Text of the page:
Saturday, February 9, 2013

Fear and Confidence

The other day, my friend asked: “What’s your biggest fear?” I automatically responded: “dying alone”, cringing as I heard the words leave my mouth. It’s such a cliché response! And of course my friend immediately pounced on me and gave me the cliché retort to my answer:  “every man dies alone… blah blah blah.”

I wasn’t thinking of literally dying alone though – as in not having someone physically by my side while the last remnants of life slipped away from me.  I’m not too worried about the dying part of dying alone. It’s the alone part that scares me. I fear that by the time I die, I will not have found true, unconditionally reciprocated love.

The fact that I felt like “dying alone” is a cliché of a fear, is reflective of how common it is for people to fear loneliness.  All people seem to have a natural aversion to loneliness, after all, humans are beings who need each other. From the time we are born, we need more care and protection than any other animal I can think of. We are fragile and don’t have the same natural protections as wild animals. We have no fur to keep us warm. We’re not fast enough to out run most predatory animals. Except for some impressive par-corers, we don’t have the reflexes and agility to make a fast escape in the trees, nor do we have wings to fly or fins to swim away when we’re in danger. In short, if you take us away from all of the collaborative efforts of the other people in the world, we are going to die in the most pathetic lame way possible.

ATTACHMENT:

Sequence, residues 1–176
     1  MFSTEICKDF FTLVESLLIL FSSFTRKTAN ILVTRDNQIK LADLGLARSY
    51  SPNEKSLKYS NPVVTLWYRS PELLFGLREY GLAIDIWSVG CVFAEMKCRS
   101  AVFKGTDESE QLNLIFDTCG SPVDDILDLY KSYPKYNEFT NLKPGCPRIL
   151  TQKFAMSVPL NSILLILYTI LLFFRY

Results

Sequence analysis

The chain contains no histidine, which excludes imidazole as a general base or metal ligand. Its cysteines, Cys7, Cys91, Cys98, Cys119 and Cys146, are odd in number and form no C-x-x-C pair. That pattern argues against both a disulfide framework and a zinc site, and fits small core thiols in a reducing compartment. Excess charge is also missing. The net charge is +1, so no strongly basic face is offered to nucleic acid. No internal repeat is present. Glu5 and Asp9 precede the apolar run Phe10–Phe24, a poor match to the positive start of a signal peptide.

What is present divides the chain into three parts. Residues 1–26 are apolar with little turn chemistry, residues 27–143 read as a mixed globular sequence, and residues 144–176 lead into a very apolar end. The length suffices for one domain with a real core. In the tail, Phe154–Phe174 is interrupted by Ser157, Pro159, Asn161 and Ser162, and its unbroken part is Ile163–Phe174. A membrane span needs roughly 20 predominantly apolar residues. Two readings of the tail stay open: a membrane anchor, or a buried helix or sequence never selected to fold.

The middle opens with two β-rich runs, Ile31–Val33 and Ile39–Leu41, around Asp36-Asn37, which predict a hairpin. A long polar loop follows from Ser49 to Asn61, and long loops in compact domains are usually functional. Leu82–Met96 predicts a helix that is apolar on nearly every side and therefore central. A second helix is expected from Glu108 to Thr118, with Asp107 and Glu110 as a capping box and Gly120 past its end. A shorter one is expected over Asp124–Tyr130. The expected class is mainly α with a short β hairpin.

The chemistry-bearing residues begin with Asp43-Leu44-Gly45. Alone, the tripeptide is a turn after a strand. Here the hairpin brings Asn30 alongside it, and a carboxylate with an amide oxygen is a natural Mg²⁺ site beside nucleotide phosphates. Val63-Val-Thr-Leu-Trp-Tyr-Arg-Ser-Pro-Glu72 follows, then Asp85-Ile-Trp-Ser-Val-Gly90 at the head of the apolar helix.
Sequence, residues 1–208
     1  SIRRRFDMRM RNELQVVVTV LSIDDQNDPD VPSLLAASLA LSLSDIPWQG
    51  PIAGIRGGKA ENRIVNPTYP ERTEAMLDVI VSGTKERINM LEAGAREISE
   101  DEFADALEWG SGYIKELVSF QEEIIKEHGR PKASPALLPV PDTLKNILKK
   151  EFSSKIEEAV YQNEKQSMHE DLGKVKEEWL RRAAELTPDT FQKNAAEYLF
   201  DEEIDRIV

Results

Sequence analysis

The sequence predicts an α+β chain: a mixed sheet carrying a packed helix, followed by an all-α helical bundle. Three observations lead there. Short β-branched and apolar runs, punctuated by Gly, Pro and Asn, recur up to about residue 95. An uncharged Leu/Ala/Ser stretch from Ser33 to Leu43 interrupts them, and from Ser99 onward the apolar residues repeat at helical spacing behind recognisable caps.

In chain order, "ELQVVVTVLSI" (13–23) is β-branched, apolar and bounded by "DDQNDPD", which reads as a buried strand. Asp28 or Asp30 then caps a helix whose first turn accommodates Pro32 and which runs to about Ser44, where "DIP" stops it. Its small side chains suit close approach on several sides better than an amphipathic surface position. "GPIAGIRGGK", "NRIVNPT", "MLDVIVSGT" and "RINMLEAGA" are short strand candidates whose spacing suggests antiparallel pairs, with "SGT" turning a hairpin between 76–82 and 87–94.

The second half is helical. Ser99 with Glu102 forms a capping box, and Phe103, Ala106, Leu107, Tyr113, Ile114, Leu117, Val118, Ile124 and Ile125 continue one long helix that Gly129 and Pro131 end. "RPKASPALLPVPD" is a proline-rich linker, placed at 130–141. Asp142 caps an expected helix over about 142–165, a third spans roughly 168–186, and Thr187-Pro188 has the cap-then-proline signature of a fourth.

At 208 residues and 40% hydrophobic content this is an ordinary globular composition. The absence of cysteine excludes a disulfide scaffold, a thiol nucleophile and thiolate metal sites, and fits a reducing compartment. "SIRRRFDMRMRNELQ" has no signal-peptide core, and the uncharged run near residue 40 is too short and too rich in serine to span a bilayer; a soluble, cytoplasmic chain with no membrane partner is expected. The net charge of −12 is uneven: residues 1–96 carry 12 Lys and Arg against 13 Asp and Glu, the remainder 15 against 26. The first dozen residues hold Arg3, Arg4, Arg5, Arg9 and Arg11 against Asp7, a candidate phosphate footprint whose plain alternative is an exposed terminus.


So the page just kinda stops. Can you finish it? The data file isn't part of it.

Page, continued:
A while back, I watched a video of a Giraffe birth. The first moment of this creature’s life was a four foot drop onto hard pact dirt. The little Giraffe not only handled the fall like a champ, but it took its first steps within minutes of its crash landing. A human baby can barely sit up without help for the first 6 months of life. Clearly, we humans need each other in a way that most animals don’t. Our relative frailty and dependence is a weakness to the individuals of our species, but a strength to the species as a whole. The fact that we bond together - care for, share knowledge with, teach and cooperate with one another, is the only reason that our frail, hairless, uncoordinated species has been able to survive and thrive. It’s through our social interactions that we’ve been able to develop language to preserve and build on knowledge and through cooperation have used that language and knowledge to manufacture our own versions of fur, fins and wings as well as compensating for any other natural endowments we lack. Thus, it seems like having a fear of being alone just makes good sense.

Most people therefore seek out other people. I on the other hand, spent most of my life dealing with my aversion to loneliness by avoiding people. I’ve always worried too much about what people think of me -because I’ve always liked people. (I can’t think of anyone I’ve ever met that I couldn’t see some relatable or endearing quality in… even people that I don’t like or get along with, I feel like I can at least kind of see why they are the way they are). Ironically the fact that I cared so much rendered me painfully shy. I would put so much pressure on myself to think of the perfect thing to say to people to make them like me, that I couldn’t think of anything to say to them at all and then I would chastise myself internally for being so awkward and lame. At the same time I never wanted to put myself out there too much because I worried that people would reject me and I wouldn’t be able to recover from it.  I think most people experience social anxiety to a certain degree, but I had it bad.